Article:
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Estranged Family and the Marriage Ceremony

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This time of year can bring about some awkward family dynamics... today Celebrant Susanna Jose shares some stories and tips about dealing with estraged family around your marriage ceremony.

Getting married is such a happy and exciting time. Some couples and families need to deal with family conflict or estrangement as well as planning a wedding. It is important that couples communicate fully so that their decisions are made in support of each other, not to please others and their wedding day can be a happy one. 

Sometimes a wedding in the family brings estranged people together. An example was the groom whose mother had passed away when he was a child. His father had a falling out with the siblings of the mother the - aunts and uncles.  The bride and groom decided that since the mother was not there, her brothers and sisters should come to the wedding. They were thrilled to be invited and immediately started rebuilding the relationship with the groom’s father. Following the wedding the aunts and uncles were part of the bride and groom’s family once again. This brave step had a wonderfully positive outcome.

In other circumstances marrying couples need to make the hard decision to exclude someone in order to protect themselves. One such example was the bride whose mother was an alcoholic. The mother had a record of making ugly scenes at the bride’s 21st birthday, graduation and family occasions. Such scenes included shouting, swearing, belittling the daughter and vomiting. The bride was very torn about not inviting her mother, but she made the decision that she did not want her special day spoilt. The extended family understood and supported her decision.

One young couple explained to me that they had made the decision not to include a close family member. They wanted those people who ‘supported them and were in their lives’ to be at the wedding and not those whom they never saw and would otherwise only be invited ‘out of duty’.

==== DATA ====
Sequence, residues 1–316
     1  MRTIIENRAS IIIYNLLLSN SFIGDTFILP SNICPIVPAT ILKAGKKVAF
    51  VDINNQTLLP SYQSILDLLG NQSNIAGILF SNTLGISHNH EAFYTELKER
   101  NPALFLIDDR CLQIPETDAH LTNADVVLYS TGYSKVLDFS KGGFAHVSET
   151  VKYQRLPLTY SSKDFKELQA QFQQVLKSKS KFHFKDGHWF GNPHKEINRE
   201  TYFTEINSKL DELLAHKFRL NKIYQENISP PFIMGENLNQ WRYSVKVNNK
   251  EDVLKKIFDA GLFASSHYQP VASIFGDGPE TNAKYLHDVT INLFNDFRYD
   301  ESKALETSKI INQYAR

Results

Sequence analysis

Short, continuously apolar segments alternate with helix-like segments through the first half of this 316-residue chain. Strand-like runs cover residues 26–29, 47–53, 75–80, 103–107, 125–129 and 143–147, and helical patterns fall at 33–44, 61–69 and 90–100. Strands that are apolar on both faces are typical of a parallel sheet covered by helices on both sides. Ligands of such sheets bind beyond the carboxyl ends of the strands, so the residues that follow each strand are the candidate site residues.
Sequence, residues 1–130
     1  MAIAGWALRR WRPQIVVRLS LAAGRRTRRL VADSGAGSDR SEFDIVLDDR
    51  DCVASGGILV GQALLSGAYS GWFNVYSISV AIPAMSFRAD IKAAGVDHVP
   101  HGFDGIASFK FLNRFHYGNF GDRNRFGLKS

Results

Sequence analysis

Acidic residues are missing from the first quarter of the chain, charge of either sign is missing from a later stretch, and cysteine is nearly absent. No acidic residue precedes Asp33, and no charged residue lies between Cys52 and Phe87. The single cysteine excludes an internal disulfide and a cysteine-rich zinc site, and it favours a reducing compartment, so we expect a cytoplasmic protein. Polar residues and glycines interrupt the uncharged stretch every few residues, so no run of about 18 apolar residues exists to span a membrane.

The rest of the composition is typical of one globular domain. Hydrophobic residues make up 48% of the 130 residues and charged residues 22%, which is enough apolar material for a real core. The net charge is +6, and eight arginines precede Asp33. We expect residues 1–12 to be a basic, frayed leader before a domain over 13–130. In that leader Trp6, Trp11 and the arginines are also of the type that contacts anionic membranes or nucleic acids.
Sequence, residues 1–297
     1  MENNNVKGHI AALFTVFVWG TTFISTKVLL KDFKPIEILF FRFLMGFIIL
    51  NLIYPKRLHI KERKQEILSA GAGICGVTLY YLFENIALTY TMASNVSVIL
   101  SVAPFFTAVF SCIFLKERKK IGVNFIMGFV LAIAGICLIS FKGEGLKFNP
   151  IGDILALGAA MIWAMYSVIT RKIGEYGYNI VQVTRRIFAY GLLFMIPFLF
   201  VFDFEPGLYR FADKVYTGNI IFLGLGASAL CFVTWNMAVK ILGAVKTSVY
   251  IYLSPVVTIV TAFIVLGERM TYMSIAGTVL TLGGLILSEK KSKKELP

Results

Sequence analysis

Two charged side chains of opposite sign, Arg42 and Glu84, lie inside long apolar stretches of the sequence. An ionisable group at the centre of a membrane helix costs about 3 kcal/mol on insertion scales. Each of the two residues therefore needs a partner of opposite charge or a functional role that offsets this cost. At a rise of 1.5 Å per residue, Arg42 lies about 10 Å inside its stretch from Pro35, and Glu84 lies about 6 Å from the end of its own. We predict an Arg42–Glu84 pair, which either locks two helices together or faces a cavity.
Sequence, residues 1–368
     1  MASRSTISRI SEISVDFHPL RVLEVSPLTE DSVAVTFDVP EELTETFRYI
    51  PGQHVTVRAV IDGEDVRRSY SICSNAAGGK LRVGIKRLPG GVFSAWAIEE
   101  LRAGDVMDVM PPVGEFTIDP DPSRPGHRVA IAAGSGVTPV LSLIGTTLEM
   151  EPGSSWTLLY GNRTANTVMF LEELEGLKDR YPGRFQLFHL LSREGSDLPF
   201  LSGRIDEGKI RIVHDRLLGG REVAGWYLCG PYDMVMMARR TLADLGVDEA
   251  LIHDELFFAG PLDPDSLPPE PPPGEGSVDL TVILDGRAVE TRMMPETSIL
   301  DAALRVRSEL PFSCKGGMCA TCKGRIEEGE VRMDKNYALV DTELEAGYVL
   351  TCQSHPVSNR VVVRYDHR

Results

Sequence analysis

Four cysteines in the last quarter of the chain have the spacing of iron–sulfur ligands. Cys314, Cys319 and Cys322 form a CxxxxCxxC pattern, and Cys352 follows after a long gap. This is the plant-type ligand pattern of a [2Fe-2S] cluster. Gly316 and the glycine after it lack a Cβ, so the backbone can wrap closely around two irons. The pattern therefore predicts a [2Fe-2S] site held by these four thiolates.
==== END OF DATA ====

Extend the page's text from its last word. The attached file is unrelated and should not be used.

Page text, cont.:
Occasionally family estrangement may not lead to leaving someone off the invitation list. Rather it has an impact on decisions about roles on the day. The bride who only sees her father occasionally may wish to be walked down the aisle with her mother instead.

Tips for dealing with family estrangement:

  • Where possible try to resolve conflict or end an estrangement before the big day rather than catching up for the first time at the wedding.
  • If appropriate, ask extended family or a counsellor for help in managing the situation.
  • Make decisions as a couple, not to please others.
  • If possible, explain your reasons for decisions to the people who are affected. 
  • Develop criteria about the invitation list, such as, including ‘those people who support us and are in our lives.’
  • Work out responses to people’s inevitable questions together.
  • Work out the possible consequences of your decision. Will it rule out any future reconciliation?

Above all, support each other. Your loyalty must be to your spouse and your marriage. 

This blog is based on part of Chapter 3, ‘Dilemmas’ in Marry Me! A guide for couples planning their marriage ceremony by Susanna Jose.

 

Comments 1

Melanie Lawson on Thursday, 23 December 2021 18:40
Early warning

Great points for people to think about, thanks Susanna. I have learnt to always (delicately) ask about any possible family issues when planning the ceremony. Last minute dramas are tricky for the celebrant too!

Great points for people to think about, thanks Susanna. I have learnt to always (delicately) ask about any possible family issues when planning the ceremony. Last minute dramas are tricky for the celebrant too!
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Wednesday, 28 September 2022

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